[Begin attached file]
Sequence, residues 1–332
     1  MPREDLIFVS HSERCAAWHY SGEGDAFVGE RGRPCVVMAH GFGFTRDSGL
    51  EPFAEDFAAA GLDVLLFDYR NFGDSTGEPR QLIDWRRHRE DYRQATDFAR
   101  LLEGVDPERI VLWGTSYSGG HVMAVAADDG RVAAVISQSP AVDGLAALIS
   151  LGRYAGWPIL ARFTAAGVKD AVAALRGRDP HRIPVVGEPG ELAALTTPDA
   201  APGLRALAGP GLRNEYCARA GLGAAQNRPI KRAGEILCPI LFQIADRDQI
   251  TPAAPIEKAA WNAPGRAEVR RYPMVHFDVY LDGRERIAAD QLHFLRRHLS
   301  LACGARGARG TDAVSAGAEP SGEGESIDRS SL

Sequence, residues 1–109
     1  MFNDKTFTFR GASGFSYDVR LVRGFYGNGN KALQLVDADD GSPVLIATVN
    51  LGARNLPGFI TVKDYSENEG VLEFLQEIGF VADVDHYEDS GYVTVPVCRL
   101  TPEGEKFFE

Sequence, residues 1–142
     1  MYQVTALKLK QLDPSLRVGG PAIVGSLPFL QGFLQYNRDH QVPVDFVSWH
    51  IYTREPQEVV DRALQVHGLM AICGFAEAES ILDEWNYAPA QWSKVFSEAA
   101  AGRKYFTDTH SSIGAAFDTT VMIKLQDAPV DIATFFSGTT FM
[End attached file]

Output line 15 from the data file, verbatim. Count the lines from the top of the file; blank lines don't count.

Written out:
    51  IYTREPQEVV DRALQVHGLM AICGFAEAES ILDEWNYAPA QWSKVFSEAA